FIG. 3(a) shows an example of 10 Hz input signal wave form, thus of the frequency far lower than that of the power source to be supposed as 60 Hz. When such signal is amplified by the conventional power amplifier to reproduce the sound by the loudspeaker (speaker output voltage of 3,162 V across the impedance of 8Ω), per the system of FIG. 2, then the secondary winding current shows the wave form upon passing through a low-pass filter, thus deprived of the higher frequency components beyond 500 Hz, as FIG. 3(b). The frequency spectrum thereof is shown in dot line charting in FIG. 4.

The same input signal wave form is again given as FIG. 5(a), and shown in contrast herewith as FIG. 5(b) directly thereunder is the wave form of the center-tap lead circuit current, also as deprived of the higher frequency components beyond 500 Hz, while the frequency spectrum thereof is shown in dot line charting in FIG. 6.

From these actually measured results, it has thus experimentally been proved that in the power source transformer secondary winding current and the center-tap lead circuit current there are included not only the amplitude information of the input signal but also the signal frequency components, of which particularly conspicuous are the components of the added sum and the subtracted balance frequencies as derived from the signal fundamental frequency f1 on the one hand and the harmonics of the power source frequency f2 in the order of even numbers on the other hand.

Situation is also just similar as to the power source transformer primary winding current, of which the frequency spectrum is represented by dot line charting in FIG. 7, showing as well that there are many mixed-up modulation components as derived from the signal fundamental frequency f1 and the power source frequency f2.

As in seen from the above, the power source transformer primary winding current and secondary winding current, capacitor currents and center-tap lead circuit currents in such conventional power supply circuitry include not only the input signal amplitude information but also the signal (frequency) information, and in this consequence the use of such circuitry has resulted in distortion on account that such signal information may sneak either directly into the circuits as are immediately connected to the power source circuit or else in the case of other circuits having no such immediate connection then indirectly through the intermediary of the function of electromagnetic induction.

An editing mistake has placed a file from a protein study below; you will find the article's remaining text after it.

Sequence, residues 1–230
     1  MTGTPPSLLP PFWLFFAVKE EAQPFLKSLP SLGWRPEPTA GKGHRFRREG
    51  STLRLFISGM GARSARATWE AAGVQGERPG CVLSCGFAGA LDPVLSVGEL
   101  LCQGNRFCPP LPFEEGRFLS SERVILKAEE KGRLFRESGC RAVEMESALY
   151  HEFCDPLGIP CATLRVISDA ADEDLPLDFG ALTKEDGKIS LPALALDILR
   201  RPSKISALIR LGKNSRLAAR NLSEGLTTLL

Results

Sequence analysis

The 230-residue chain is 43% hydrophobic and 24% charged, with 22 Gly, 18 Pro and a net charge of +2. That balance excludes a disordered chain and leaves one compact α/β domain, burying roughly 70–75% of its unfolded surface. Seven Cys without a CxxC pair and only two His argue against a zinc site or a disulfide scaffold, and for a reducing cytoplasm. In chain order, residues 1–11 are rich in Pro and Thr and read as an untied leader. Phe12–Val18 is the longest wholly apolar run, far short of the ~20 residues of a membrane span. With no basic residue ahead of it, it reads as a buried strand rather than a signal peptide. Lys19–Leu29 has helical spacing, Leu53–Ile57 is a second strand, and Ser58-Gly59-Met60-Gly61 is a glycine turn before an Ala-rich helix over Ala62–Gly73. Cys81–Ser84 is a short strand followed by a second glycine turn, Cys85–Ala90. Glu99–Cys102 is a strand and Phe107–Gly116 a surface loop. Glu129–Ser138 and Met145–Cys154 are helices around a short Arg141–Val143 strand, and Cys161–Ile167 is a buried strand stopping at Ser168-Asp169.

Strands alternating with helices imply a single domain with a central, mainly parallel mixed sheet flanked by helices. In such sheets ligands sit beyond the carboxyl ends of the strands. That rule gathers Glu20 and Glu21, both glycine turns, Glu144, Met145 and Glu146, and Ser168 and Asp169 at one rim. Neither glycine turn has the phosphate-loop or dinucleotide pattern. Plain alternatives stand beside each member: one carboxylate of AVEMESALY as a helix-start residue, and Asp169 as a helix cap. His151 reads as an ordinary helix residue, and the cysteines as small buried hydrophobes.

SUMMARY OF THE INVENTION

This invention has as its object to remedy the drawback, as described hereinabove, of the conventional power supply circuitry. In order to attain the object, the power supply circuitry according to this invention, comprises: a rectifying the circuit for rectifying AC output of a secondary winding of a power source transformer; a smoothing circuit consisting of positive-side and negative-side smoothing capacitors connected in series; and a center-tap lead circuit of the secondary winding, connected at least indirectly to the smoothing circuit, is constructed such that a bidirectional switching circuit having predetermined threshold values is interposed in between the smoothing circuit and the center-tap lead circuit.

In the power supply circuitry according to this invention, the center-tap lead circuit current is blocked up so long as the potential or voltage of the junction point between the smoothing circuit and the bidirectional switching circuit resides within the region delimited by both threshold values of the bidirectional switching circuit. Therefore, the two smoothing capacitors then commonly have one and the same charging path, and the charging current flows through these two capacitors and the two sections of the secondary winding on both sides of the center tap, all of them being connected in series. Since the charging current is thus one and the same with respect to both the capacitors, such current includes only the amplitude information of the signal but not the signal frequency components. In consequence hereof, the primary winding current and secondary winding current, as well as the capacitor current, are also made to have quite remarkably reduced input signal frequency components. On the other hand, however, blocking up the possibility of the current to flow through the center-tap lead circuit might lead to the danger of destroying the capacitors in the smoothing circuit if and when extraordinary high voltage would appear in consequence of abrupt extravagant load fluctuation or the like; but the capacitors are securely protected in this circuitry according to this invention against such danger since free passage of the center-tap lead circuit would be provided by the bidirectional switching circuit immediately upon occurrence of the voltage thereacross, which would be outside the blocking region delimited by both the thresholds thereof.